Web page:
Fig. 5
figure 5

Top protein network generated by IPA for 14 differentially-expressed serum proteins in MDD versus BD. Direct and indirect interactions are represented by the solid and dashed lines, respectively. The shapes represent the molecular classes of the proteins defined in the legend. The protein interaction networks were generated through the use of IPA. MDD, major depressive disorder; BP, bipolar disorder; IPA, Ingenuity Pathway Analysis


In this study, we detected 14 DEPs between psychotropic drug-free MDD and BD subjects. RAB7A and ROCK2 were significantly overexpressed in MDD and XPO7 was significantly overexpressed in BD even after multiple comparisons. Bioinformatics analysis showed that cellular functions and inflammation/immune response pathways were significantly different.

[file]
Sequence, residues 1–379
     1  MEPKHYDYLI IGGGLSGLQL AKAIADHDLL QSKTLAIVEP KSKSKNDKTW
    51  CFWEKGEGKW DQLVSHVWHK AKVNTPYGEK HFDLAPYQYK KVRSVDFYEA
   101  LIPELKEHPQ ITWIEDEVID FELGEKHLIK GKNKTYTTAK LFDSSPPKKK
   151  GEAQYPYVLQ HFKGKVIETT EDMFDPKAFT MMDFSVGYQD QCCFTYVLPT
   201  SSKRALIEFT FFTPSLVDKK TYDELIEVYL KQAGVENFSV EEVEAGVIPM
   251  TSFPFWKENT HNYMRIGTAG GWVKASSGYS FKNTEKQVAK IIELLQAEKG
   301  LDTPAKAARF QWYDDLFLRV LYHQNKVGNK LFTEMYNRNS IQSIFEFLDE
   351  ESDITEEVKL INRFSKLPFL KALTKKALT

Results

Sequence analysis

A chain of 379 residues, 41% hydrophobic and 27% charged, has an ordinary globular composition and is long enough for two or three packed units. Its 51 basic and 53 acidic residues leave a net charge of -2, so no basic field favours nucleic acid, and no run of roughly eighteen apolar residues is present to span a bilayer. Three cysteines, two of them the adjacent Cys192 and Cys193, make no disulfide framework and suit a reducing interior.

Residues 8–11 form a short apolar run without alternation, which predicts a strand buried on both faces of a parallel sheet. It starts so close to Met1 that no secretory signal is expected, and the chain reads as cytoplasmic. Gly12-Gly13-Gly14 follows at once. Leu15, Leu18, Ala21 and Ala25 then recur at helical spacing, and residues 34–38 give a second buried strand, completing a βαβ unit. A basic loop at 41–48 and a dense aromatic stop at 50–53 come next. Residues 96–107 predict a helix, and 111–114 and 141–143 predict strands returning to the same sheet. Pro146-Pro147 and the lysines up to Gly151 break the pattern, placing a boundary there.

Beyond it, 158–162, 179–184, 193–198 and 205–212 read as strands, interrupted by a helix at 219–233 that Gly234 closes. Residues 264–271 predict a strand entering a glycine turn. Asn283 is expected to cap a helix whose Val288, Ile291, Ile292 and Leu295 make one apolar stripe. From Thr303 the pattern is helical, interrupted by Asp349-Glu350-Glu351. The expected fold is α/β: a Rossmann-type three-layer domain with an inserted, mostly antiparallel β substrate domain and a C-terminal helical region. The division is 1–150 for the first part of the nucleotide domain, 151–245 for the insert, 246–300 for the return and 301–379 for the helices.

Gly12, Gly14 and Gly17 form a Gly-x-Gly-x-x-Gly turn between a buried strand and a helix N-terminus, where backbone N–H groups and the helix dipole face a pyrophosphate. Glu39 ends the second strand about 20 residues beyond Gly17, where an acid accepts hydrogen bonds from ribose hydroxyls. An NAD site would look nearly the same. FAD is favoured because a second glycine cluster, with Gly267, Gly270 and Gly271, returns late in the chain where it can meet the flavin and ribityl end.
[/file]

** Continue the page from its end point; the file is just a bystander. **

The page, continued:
To date, there are two published articles directly comparing DEPs between MDD and BD [19, 20]. Chen et al. (2015) compared plasma samples from drug-naïve patients and identified 25 DEPs, whereas Ren et al. (2017) compared plasma samples from drug-free patients and identified nine DEPs [19, 20]. However, no proteins were common between studies [19, 20]. We compared serum samples from subjects with MDD and BD and found only one protein, Rho-associated protein kinase 2 (ROCK2), as a duplicate protein from the previous studies [20]. These discrepancies are likely related to variations in the study designs and differences in the demographic and clinical characteristics of the study. Our study was based on serum samples, and there is evidence that expression between the serum and plasma profiles can differ for certain proteins [18], which might explain these discrepancies. Moreover, the overall depressive symptoms were milder in our study, which might have also led to differences in the peripheral profiles.